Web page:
Home of the Practically Perfect Pink Phlox and other native plants for pollinators

Wednesday, April 24, 2024

Wildflower Wednesday: Krigia biflora

Krigia biflora, aka, two-flowered Cynthia, is one of my favorite wildflowers. Those of you who shy away from vibrant golden yellow or luminous orange flowers may be asking yourself, "What ever does she see in that flower? It looks like a dandelion."

It does resemble a dandelion and that doesn't bother me! In fact, it looks so similar to Taraxacum that one of its common names is two-flowered dwarf dandelion.

What's special:

  • It's an early blooming native that could replace dandelions in your garden
  • Its color is more orange than yellow
  • That blue-green foliage
  • The flower is lovely
  • Fairly long bloom time
  • It doesn't spread all over your garden like a dandelion will. Although, I wouldn't mind if it did. 
  • It will grow in almost any soil (except water logged)

It's a delightful and charming native flower that is visited by many pollinators~bumblebees, honeybees, little carpenter bees, cuckoo bees, mason bees, beetles, flower flies, predatory wasps, skippers and butterflies.

Plants growing in cracks always says: Needs good drainage!

Although, I had no luck winter sowing Krigia, it popped up in a crack in my asphalt driveway.

The Krigias are named for David Krieg, a German physician, who traveled to America in 1696. He and fellow botanist, William Vernon, collected specimens of plants, insects and shells in what is now present day Maryland. This wonderful yellow orange aster was collected on Krieg’s trip and the genus Krigia was established to honor his contribution to the science of botany. (source)

 The Particulars:

Botanical name: Krigia biflora 

Common name: Two-flowered Cynthia, Two flowered dwarf dandelion, Dwarfdandelion

Type: Perennial

Family: Asteraceae (daisies, sunflowers)

Bloom time:  May - August depending upon where you garden

Flower: the flower head has ray flowers only, meaning all of the individual flowers of the flower head have a strap-shaped ray, which may or may not have teeth at the very tip of the ray

Flower color: yellow or orange yellow 

Leaves: Simple Basal rosette & alternate  


Height:  1 to 2 feet 

Space:  8 to 12 inches   

Sun:  Light sun to shade, think dappled sunlight.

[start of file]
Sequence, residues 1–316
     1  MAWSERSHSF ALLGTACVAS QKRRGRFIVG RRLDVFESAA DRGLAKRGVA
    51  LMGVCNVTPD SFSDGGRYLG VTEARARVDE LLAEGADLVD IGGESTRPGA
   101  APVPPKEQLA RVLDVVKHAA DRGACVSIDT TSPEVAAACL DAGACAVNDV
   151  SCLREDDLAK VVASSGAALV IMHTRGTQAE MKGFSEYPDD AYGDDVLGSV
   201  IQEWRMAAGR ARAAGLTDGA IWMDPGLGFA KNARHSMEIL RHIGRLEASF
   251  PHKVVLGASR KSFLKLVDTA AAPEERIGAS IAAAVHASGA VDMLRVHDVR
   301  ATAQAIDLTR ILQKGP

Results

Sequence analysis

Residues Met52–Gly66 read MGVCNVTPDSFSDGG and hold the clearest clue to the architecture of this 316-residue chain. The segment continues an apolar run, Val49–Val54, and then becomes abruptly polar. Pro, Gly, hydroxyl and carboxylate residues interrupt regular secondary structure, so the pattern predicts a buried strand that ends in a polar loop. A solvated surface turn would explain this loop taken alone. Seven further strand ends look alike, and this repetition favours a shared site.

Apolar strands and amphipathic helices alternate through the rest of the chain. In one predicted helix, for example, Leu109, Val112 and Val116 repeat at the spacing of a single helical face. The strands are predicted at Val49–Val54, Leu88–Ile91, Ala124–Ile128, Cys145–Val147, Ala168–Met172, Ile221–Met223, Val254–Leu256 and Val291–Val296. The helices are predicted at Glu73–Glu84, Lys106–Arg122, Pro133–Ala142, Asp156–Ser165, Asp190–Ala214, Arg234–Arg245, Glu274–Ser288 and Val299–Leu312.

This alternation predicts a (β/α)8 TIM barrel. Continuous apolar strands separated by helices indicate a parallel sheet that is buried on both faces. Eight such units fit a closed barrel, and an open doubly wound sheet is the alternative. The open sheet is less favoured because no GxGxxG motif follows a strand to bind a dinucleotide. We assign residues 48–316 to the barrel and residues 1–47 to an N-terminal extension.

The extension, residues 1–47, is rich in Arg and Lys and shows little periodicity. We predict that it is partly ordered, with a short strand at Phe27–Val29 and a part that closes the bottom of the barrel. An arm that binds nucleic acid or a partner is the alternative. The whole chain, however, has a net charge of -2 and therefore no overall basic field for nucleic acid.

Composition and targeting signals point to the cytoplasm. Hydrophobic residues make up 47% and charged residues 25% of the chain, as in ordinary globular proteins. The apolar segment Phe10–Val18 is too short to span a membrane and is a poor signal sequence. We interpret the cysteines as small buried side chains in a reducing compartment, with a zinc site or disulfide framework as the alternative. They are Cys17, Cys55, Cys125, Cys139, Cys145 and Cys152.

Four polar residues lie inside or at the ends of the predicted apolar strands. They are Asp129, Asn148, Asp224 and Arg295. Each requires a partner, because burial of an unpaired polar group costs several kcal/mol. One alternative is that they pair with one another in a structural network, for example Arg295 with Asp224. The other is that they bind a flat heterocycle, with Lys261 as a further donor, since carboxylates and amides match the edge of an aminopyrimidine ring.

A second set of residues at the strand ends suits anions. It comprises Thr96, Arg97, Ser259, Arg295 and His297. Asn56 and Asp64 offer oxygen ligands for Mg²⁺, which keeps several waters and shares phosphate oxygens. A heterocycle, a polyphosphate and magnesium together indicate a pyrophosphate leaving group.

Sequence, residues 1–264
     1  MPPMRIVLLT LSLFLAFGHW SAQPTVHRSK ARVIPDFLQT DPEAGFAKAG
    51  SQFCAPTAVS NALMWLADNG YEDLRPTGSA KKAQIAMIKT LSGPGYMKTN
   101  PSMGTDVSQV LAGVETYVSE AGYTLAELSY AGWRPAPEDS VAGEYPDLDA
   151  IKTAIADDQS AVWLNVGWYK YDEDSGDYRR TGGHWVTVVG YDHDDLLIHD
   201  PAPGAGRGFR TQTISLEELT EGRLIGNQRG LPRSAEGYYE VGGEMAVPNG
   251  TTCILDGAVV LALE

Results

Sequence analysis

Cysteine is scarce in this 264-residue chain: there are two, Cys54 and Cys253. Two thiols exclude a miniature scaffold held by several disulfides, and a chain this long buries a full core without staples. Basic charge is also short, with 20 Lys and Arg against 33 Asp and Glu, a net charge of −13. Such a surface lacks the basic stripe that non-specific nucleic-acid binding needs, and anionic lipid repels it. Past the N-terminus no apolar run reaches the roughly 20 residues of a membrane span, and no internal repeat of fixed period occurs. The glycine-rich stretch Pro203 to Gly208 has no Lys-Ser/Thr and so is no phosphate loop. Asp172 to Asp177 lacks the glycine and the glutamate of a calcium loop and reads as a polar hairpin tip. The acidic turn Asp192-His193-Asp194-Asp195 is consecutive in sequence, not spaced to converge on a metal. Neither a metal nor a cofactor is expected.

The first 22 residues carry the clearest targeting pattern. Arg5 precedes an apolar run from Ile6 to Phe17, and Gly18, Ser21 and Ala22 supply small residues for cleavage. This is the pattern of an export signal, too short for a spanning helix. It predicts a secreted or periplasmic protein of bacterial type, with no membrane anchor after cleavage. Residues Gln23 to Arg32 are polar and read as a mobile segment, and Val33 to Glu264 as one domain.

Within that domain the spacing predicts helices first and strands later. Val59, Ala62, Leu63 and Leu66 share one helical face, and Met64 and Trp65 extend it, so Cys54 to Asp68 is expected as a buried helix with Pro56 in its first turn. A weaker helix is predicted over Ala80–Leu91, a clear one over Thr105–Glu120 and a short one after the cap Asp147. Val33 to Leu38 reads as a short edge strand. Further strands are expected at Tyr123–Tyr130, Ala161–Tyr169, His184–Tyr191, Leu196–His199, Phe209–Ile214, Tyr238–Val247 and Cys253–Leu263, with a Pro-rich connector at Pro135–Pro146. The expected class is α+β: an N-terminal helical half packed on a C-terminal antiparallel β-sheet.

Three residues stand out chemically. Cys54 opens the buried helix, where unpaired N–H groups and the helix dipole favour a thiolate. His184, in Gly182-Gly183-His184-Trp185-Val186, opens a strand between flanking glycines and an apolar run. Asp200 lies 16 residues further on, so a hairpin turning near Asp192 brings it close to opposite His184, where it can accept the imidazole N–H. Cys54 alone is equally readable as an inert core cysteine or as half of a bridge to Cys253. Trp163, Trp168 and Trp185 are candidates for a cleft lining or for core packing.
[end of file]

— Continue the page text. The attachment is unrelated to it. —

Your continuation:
Moisture: Dry to average

Soil: Almost any soil that is not water logged.

Preferred Habitat: prairies, open woodland and meadows.

Found in: AL, AR, AZ, CO, CT, DE, GA, IA, IL, IN, KS, KY, MA, MD, MI, MN, MO, MS, NC, NJ, NM, NY, OH, OK, PA, TN, VA, WI, WV  and  Canadian provinces of Manitoba and Ontario.

Wildlife value: Cynthia attracts all types of pollinators, such as bees, wasps, flies, butterflies and beetles. The Krigia Andrenid Bee, Andrena krigiana, specifically feeds on the pollen of Krigia spp. (source) Go to INaturalist for an extensive list of critters who visit Two Flowered Cynthia

Related species: Krigia is a genus in the family Asteraceae. They are known generally as dwarf dandelions or dwarfdandelions. There are seven species in the US and six species in Tennessee.

Comments: Produces a latex that seems to deter deer foraging on it. It closes at night like a dandelion, perhaps to protect it's reproductive parts.

Uses: Plant in native naturalistic garden, prairie or meadow. I grow it in a container and it's been outdoors like that for 10 years. It appears to be deer resistant.  Pollinators visit the showy flowers, it's drought tolerant, and has a long bloom period.


So glad you stopped by to see Krigia biflora. Perhaps, I've changed your mind and you now appreciate  luminous orange flowers.



Wildflower Wednesday is about sharing wildflowers from your part of the world. Don't worry if you have nothing in bloom, you can still showcase one of your favorites. It doesn't matter if we sometimes show the same plants; how they grow and thrive in your garden is what matters most. I hope you join the celebration...It's always the fourth Wednesday of each month.


Gail Eichelberger is a gardener and therapist in Middle Tennessee. She loves wildflowers and native plants and thoroughly enjoys writing about the ones she grows at Clay and Limestone. She reminds all that the words and images are the property of the author and cannot be used without written permission.

1 comment:

  1. Lovely blooms. Thanks for sharing your beautiful photos.


"Insects are the little things that run the world." Dr. E O Wilson